By being alive we cause destruction, if not actively, then passively. When a bug hits the window of your car when you're out for a drive, it's a form of destruction. No harm was intended, but it just happens. So how far can we go to avoid harm and reduce suffering?
It's hard to say. The first step most vegans take is to avoid consuming, using, or wearing things with animal ingredients or which used animals in the manufacturing or testing process. This is why vegans don't eat meat or fish, don't wear leather, fur, or wool, and use household cleaning products that weren't tested on animals. Even this approach has limitations, since animal ingredients can be hidden in so many common products and even in medicine and medical products as mentioned in this article from NPR.
Does it take the philosophy to far? I don't think so. When I started avoiding products with animal ingredients, I thought it was going to be hard. For many things I used, however, I was easily able to find vegan replacements. As I learned more about what was in products, it became simpler to spot ones that didn't support what I believed in, and it became less of a struggle to find ones that were OK with me. There were some things that took some searching to replace, but once I found a replacement, it just became normal to use it very quickly.
As more people adopted this philosophy and driven, in part, by celebrity and non-profit advocates, more vegan alternatives have become available for everyday things we use and need. Yes, there are some products today that are impossible to purchase vegan such as some prescription medicine and health products, but unless people seek alternatives it will never change. By pushing the envelope and demanding more products be made vegan, we will have alternatives for everything, but it doesn't happen by accepting that we can't live differently and more compassionately. Some people may call it extremism, but it's how the world changes for the better. There will always be early adopters of a lifestyle, who are then followed by the mainstream, which is how veganism has taken center stage.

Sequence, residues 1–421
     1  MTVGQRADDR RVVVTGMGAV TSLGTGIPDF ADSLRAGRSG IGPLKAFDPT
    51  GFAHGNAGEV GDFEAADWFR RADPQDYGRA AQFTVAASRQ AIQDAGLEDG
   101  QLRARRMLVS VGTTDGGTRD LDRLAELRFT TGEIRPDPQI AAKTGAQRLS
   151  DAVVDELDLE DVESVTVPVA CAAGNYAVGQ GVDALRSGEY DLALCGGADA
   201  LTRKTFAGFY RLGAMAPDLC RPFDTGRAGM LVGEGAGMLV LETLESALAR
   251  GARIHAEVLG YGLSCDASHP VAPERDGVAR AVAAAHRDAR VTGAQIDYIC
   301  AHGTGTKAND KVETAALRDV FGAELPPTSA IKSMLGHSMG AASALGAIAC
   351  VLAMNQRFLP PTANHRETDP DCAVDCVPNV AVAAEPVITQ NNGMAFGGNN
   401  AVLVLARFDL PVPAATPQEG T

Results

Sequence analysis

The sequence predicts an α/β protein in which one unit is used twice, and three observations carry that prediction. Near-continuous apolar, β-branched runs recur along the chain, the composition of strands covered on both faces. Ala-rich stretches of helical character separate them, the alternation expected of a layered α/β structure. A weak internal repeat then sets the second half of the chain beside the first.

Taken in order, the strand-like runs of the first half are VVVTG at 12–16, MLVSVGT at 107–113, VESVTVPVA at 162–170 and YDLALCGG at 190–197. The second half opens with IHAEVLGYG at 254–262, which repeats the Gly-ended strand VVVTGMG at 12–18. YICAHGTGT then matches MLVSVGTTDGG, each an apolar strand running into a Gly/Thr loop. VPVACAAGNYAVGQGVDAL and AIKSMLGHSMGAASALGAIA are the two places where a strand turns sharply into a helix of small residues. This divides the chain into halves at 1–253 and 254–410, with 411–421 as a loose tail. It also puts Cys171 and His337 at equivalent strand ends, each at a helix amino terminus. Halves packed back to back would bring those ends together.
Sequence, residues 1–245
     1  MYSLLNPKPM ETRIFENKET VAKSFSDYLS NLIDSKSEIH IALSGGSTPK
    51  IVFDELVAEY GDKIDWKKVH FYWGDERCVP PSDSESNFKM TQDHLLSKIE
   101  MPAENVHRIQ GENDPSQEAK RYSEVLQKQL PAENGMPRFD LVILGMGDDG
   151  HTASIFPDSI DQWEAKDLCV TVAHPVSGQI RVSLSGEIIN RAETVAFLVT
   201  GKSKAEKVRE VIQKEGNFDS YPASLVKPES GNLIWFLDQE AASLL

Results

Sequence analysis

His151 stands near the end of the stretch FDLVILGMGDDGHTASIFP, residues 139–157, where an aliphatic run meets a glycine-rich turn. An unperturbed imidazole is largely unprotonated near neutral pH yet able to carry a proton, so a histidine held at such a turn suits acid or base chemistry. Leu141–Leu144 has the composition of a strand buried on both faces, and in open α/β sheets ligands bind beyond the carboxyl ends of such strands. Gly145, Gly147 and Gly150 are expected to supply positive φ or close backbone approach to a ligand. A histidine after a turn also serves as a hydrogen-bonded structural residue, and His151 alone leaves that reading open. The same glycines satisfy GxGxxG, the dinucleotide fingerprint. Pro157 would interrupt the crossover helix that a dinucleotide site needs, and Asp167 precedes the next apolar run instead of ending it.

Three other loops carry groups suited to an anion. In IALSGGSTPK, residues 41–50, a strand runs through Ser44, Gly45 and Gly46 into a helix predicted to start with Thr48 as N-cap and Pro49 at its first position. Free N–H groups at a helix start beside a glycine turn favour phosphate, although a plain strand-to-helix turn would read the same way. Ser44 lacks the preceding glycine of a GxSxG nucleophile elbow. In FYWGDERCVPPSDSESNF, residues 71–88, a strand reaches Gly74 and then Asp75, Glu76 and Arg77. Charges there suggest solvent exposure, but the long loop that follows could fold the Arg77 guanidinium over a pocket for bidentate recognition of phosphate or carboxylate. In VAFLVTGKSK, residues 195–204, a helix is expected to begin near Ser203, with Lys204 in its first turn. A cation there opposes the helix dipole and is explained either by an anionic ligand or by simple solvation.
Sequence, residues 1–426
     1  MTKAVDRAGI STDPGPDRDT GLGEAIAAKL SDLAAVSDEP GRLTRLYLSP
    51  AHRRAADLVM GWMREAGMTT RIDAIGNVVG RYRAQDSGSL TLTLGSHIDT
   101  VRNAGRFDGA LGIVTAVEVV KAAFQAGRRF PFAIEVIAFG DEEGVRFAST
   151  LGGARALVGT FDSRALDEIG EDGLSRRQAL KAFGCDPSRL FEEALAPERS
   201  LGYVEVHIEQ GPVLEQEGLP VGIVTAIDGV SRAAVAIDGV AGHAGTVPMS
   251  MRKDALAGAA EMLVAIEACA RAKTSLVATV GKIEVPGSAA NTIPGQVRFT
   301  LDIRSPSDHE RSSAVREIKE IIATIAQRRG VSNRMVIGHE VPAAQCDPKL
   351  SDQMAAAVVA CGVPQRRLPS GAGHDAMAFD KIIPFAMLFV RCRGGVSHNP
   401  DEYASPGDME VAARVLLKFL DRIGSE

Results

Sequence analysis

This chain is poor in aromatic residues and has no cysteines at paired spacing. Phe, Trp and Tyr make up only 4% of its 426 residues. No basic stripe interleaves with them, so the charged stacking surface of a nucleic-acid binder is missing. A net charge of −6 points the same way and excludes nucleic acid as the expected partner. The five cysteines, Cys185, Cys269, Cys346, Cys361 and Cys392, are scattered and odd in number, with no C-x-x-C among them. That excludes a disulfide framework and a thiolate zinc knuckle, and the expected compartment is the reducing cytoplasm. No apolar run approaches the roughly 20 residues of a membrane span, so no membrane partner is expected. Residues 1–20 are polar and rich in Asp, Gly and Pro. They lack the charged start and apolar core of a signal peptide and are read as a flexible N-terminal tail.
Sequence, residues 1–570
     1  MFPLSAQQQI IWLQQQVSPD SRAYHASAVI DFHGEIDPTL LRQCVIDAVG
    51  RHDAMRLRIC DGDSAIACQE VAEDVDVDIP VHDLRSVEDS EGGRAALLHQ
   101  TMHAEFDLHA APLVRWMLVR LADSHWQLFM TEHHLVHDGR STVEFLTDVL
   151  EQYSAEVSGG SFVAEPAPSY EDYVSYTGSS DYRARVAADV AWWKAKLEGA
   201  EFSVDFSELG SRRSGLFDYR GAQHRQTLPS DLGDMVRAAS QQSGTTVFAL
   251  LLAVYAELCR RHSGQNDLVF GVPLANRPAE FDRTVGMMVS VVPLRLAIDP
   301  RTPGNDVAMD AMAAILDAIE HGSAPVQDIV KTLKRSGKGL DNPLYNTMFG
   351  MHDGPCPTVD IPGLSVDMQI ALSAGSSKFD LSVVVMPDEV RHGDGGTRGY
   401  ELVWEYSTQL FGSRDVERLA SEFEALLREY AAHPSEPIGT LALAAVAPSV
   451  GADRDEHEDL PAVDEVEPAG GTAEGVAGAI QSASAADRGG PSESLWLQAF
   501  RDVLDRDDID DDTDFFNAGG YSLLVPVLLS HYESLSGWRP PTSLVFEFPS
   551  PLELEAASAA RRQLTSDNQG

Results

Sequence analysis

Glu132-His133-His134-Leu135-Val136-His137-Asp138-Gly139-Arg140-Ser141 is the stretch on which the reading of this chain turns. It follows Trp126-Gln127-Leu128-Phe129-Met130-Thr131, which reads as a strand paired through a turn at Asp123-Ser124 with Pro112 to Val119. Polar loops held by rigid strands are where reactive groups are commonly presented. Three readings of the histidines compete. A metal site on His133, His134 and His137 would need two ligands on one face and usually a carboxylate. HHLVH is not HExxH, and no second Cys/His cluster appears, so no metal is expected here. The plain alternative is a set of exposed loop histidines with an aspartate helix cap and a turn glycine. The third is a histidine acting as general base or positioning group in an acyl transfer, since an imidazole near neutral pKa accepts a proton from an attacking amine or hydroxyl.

Having said this, you don't have to refuse to go outside and walk around for fear of destroying something, or refuse a drug that may save your life because it caused suffering to develop. You can accomplish as much by encouraging others to change their habits or lifestyle and live more compassionately. Matt Ball of Vegan Outreach explains it nicely:
What we personally consume (especially at the margins) is almost irrelevant compared to what we can accomplish with thoughtful, honest advocacy for the animals. For example, influencing just one person to stop eating chickens and eggs — or even simply cutting back! — has an almost infinitely larger impact than if I avoid yet another obscure, miniscule animal product.